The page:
On our journey out of the neighborhood, we saw a line of plants at the end of a driveway. A gardener was giving away splits of perennials in exchange for a donation to the Kanata Food Bank. So we got a couple of pots of blue irises. Yay! In the late afternoon, we finished filling the first raised bed, and I chopped out the root in the middle of the second bed and leveled the subsoil, so that’s ready for filling tomorrow. Before dinner, we chilled on the front porch watching the sprinkler water the new plants in the garden. There was a very nice breeze, and I started a new knitting project.

And tonight, we Zoomed with Maryland neighbors Robin and Mike, which was very, very nice.

Be well. Stay safe. Reach out. Connect. Find simple pleasures.

CDR for May 22, 2020 – Friday – the leaf that was

Today we got bedding plants at Costco. It would have been great to support a local nursery, but they have huge lines and can’t serve many people the way they are set up. Costco has opened a side door to part of the parking lot, and you can walk out to select your plants. If you have an empty cart, you can take that with you. The plants were very reasonable – a tray of 24 was $12. We got a tray each of marigold, alyssum, and coleus. This evening, while Stuart mowed the lawn, I planted most of the flowers, after re-weeding the beds. Face it: It will take a year or two to completely overhaul them.

In the photo above of part of one bed, you can see some of today’s plantings; one of the large bleeding heart plants; the lily of the valley plants; and in the left at the center, the large leaf of one of the Japanese butterburs. These butterbur plants start in the spring as large pale green flowers close to the ground. Then the flowers become brown and look dead. Then the big leaves start to appear.

Front bed plants – alyssum, marigolds, coleus, lily of the valley, tulip, bleeding hearts, peony bush, butterbur leaf

Between the time I took the photo of the bed at about 6 PM and when I watered in the plants tonight at 8:30, some critter had come by and eaten the large leaf. So, I guess we know the leaves are edible.

Butterbur leaf

We have a lot of wildlife, so I don’t know who to blame for eating the butterbur leaf. While I was preparing the beds for planting this afternoon, two chipmunks came out to play together within 5 feet of me. I was armed with a cultivator not a camera, so, no photos. I’m pretty sure it was not them, though. They don’t seem to be the vegetable-eating types and they are small to have eaten a giant leaf. Around 7:30 PM while cleaning up after dinner I saw a very fat racoon in the back yard. It waddled away when it noticed I went to get the camera, so there’s no photo of the racoon, either. It could have been the racoon. Or it could have been the woodchuck, who hasn’t been spotted lately. Or the rabbit, who has not been around for weeks.

Butterbur flower

It sounds like lots of gardening today, but there were several errands related to our ill cousin that took up lots of the day, and it always takes a while to get through Costco. Never mind. The weather will be hot and dry for the whole weekend.

Be well. Stay safe. Don’t let setbacks get you down.

CDR for May 21, 2020 – Thursday – one raised bed filled

One of the raised beds is mostly filled with soil. Stuart thinks I need another load or two to create a mound in the middle. I lined the bottom of the bed with newspapers to keep weeds down. The other bed has a big root that needs to be removed, and then the subsoil leveled out.

Most of the planter boxes are filling out, and I’ve put the seedling boxes out on the back deck, to give them more sun.

There are lots of bleeding heart plants in the front bed and some in the back. They seem to like to spread, which is great.

Time for some knitting.

Be well. Stay safe.

CDR for May 20, 2020 – Wednesday – finished object and, she’s making a nest!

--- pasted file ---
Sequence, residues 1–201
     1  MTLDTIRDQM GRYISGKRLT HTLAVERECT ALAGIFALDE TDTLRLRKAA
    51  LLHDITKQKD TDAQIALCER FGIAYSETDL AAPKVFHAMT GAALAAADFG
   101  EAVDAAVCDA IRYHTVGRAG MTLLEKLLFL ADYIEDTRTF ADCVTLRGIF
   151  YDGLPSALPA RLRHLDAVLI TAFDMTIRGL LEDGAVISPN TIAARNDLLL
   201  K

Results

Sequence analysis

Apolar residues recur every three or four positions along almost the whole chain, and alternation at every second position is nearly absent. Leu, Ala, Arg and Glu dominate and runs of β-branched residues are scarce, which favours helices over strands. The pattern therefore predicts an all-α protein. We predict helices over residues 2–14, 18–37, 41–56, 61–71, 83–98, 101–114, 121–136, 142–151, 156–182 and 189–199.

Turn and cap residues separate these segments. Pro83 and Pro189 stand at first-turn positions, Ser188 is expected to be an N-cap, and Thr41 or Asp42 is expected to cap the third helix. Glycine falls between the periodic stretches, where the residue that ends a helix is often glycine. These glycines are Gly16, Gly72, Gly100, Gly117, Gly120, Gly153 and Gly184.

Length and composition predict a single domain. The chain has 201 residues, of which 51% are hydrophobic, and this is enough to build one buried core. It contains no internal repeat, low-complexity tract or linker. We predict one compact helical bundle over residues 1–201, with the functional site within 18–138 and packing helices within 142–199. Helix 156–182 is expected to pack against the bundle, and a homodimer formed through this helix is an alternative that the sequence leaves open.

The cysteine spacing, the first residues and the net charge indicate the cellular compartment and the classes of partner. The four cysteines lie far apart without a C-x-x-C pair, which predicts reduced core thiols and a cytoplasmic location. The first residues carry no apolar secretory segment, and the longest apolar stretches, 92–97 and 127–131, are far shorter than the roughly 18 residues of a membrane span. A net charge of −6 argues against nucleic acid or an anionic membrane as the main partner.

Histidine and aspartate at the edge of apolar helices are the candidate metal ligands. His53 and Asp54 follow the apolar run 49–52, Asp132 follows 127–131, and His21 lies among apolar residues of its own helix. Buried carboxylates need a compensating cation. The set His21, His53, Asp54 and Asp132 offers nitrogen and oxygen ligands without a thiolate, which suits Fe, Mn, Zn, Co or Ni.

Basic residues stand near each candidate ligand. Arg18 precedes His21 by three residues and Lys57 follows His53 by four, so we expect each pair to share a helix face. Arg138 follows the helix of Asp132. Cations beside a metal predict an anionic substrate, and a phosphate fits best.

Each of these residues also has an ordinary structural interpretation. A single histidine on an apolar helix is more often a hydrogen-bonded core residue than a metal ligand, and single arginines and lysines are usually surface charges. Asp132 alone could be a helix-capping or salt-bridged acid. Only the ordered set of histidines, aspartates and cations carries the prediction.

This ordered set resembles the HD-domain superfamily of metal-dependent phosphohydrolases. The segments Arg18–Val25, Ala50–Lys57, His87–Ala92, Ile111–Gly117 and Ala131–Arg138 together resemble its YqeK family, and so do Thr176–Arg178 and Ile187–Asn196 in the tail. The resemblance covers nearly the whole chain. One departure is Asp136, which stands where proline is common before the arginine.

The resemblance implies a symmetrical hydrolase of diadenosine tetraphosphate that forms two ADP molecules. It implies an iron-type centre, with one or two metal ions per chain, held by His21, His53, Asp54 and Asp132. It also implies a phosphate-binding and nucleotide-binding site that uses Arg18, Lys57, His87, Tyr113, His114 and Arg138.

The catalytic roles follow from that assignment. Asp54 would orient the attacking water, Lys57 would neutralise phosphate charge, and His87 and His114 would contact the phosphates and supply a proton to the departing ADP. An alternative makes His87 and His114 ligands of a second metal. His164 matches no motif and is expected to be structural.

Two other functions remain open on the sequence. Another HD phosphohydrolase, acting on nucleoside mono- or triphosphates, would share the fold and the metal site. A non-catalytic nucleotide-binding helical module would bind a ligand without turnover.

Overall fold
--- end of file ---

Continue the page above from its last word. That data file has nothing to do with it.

Today I worked on clearing some dandelions from one part of the front lawn (which is a large lawn with lots of dandelions.) And after that area got too sunny, I worked on weeding in the back yard. I’ve very nearly removed all of the cinquefoil, that is, all that is visible. There are bazillions of seeds in the ground from last year that will be sprouting. The compost bin is full. It needs to be watered a bit. I dug up some raspberry brambles to give to Stuart’s daughter, Kathleen, and we paid Kathleen and Sam a distance visit to deliver them and her birthday present

She’s making a nest!

The pictures today are of the female cardinal of the neighborhood, who stopped by to rustle up some nesting materials, and of a finished object called Hat for Elliot.

Hat for Elliot

Be well. Stay safe. Stay sane!

CDR for May 19, 2020 – Tuesday – coming home, leaving home

Today we returned to Kanata. The traffic was light but there’s road construction in Gatineau. It takes a while for the chalet to feel homey to me, and then we leave. As we were driving home to Kanata, we heard that the US/Canada border will remain closed for another month. So, home will be here in Canada, at least for another month. And then maybe we can go home to Maryland.

The weather turned warm this weekend, and that’s made quite a change. The poplars are leafing out in Quebec, with that intense but pale, yellow green of new-leafed poplars. We enjoyed the drive along the river. With most trees bare, you can see more of the houses set back among the trees.

White trillium

Along and beyond the driveway at the chalet, there are many white trilliums flowering and a small group of red ones. Today’s pictures are of the trillums. The white trillium flowers are erect, while the red ones are pendulate (that is they hang facing to the ground). Trillium plants are rhizomes – they have underground systems of roots and stems with nodes that shoot above ground, with three-leaf bracts and three petal blossoms with three sepals (the green ‘leaflets’ behind the blossoms.) I have not seen trilliums since living in Minnesota, so it was a special treat to see them.

Red trillium, pendant flowers

With the warmer weather here in Kanata, we found many blooming flowers – tulips, lily of the valley, and bleeding hearts especially – and the hostas are starting to open. The peony stems are up about 10 inches. In the back yard, spinach, beet, chard and radish seeds are sprouting in the raised bed bins and onion sets are growing.  Indoors more basil and parsley have sprouted, and one of the squash seeds is (finally!) popping up. Gosh they take a long time.

Weeds are going strong here, too. Tomorrow, there will be some weeding.

Be well. Stay safe.